In an average building, many areas of energy inefficiency are relatively simple to improve. However, people often overlook them because facility teams spend so much time in reactive mode, responding to “I’m too hot” and “I’m too cold” complaints. Here are seven areas that can be easily addressed:
1. Thermostats. An improperly calibrated thermostat will read the wrong temperature and therefore adjust to the wrong temperature. When the thermostat reads 72 degrees, it might actually be 1 to 5 degrees higher or lower and will adjust the heating or cooling up or down according to that incorrect temperature. The fix: Calibrate your thermostats. Every last one of them.
2. Economizers. This happens all too often: economizers on air handling equipment working incorrectly – or not working at all. Faulty controls or slipped linkages cause the dampers to get stuck in one position. Someone makes a temporary fix, perhaps by sticking a 2×4 into the outside air damper to keep it open, until the repair can be made. But they forget about it, so it stays open when it should be closed. The fix: Check economizers. Repair ones that are not working. Take out the 2x4s.
3. Variable Frequency Drives. These can be great energy savers because they vary the speed of the motor they’re serving according to the requirements of the system. The energy savings is proportional to the cube of the rpm. For example: a 10% reduction in rpm will reduce energy use on a motor by 28% (.9 x .9 x .9 = .72). So a drive that runs at 60 Hz at full speed will use 28% less energy running at just 54 Hz. But if the VFD malfunctions, the building engineer might put the drive into the bypass position, i.e., running at full speed, while waiting for the repair. But the repair never happens, so the motor keeps running at full rpm, squandering its energy saving capabilities, and possibly causing additional problems. The fix: Take VFDs off bypass so the motor can be properly controlled.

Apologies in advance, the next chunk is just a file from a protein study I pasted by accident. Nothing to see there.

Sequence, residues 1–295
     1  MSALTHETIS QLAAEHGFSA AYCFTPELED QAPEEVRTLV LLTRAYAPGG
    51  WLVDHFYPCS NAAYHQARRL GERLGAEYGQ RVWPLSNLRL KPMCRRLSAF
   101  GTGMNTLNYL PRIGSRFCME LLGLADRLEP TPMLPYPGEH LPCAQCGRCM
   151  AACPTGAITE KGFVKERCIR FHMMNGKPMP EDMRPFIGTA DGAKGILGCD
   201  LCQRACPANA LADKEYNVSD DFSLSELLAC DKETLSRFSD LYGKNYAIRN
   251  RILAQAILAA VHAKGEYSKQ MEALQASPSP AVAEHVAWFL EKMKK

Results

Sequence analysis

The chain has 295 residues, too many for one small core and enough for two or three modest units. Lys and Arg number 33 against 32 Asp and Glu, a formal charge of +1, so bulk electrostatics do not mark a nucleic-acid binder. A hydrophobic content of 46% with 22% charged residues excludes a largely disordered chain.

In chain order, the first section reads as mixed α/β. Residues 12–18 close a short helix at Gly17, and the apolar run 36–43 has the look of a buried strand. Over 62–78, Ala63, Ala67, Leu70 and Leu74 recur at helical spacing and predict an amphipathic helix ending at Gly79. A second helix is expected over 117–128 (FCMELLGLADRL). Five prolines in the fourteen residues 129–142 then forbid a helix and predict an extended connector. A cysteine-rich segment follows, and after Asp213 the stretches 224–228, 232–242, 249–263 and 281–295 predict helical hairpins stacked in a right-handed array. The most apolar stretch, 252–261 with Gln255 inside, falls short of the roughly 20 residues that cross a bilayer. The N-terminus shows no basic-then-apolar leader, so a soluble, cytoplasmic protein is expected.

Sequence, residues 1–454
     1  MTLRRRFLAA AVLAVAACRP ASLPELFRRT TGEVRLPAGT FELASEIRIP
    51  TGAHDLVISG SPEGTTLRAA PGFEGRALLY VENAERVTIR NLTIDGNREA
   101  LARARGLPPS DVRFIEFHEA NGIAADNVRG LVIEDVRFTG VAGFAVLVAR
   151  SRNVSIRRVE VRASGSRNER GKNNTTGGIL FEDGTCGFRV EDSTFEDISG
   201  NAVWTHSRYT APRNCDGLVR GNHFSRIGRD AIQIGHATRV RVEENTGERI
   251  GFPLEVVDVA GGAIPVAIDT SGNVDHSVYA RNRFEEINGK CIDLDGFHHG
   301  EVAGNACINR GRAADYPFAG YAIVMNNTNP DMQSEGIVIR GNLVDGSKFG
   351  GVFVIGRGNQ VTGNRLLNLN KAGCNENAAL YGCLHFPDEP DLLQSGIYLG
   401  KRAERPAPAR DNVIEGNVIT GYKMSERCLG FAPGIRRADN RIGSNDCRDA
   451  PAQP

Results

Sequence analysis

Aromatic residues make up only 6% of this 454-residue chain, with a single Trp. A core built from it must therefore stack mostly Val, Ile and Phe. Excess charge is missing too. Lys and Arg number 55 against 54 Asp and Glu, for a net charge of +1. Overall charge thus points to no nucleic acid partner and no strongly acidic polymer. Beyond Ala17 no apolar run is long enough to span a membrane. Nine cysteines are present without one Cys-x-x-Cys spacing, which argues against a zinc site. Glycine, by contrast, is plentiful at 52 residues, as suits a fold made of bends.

4. Coils. HVAC coils get dirty, and the buildup of dirty – and hazardous – biofilm makes the system work harder than normal, reducing its efficiency. Dirty coils can also diminish indoor air quality and make people sick. The fix: Hire a properly trained technician to clean the coils with appropriate equipment and a specialized steam solution that gets deep into the coils. This technique removes not only particulate matter but also the biofilm.
5.Equipment. Equipment that should run only during normal operating hours, but instead runs constantly, wastes a lot of energy. Lights, air handling systems and pumps, as well as personal use equipment such as computers, chargers, heaters or small fans under or on top of desks, all have the potential to be left on 24/7. The fix: Install timers or motion sensors on lights. Use programmable thermostats everywhere you can – and make sure they are programmed correctly. Post reminders all around the office to encourage people to turn off/unplug equipment when they leave, and use power strips so they can just flip one switch to turn off all their personal items when they leave.
6. Building Automation System (BAS). A BAS can be complex, increasing the risk of improper use by the operator. The fix: Do not install a BAS that is more complex than required. Properly train – and retrain – staff on the BAS. Work with the supplier to provide adequate training and support for each new staff person that has responsibility for that system.
7. Submetering. Most buildings have only one electric meter. Sub-metering the lighting, HVAC system, and plug loads will show which areas use more energy. Then you can address specific problem areas. You will also know when there is an unexpected increase in energy use so you can fix small issues before they become bigger ones.
How do you get started? An energy audit is one of the best ways to find low- and no-cost ways to reduce energy use, as well as opportunities for higher payback fixes that conserve more energy but require a longer payback period. An audit can be done in-house if you have qualified people. Or hire a professional audit team so you won’t have to take your team away from their normal jobs. The auditor should be knowledgeable on codes and ASHRAE standards, and be familiar with HVAC and lighting design and/or building operations.
To get started, look at the systems in your facility like you are a potential buyer. Bring in some trusted salespeople for the various equipment and systems in the building to find out if there are better ways to operate them. Be informed about economizers, variable frequency drives, and proper cleaning of coils. Maybe there are new advances in equipment and systems since your last upgrade. Be sure to schedule an energy audit, be proactive rather than reactive, and be educated.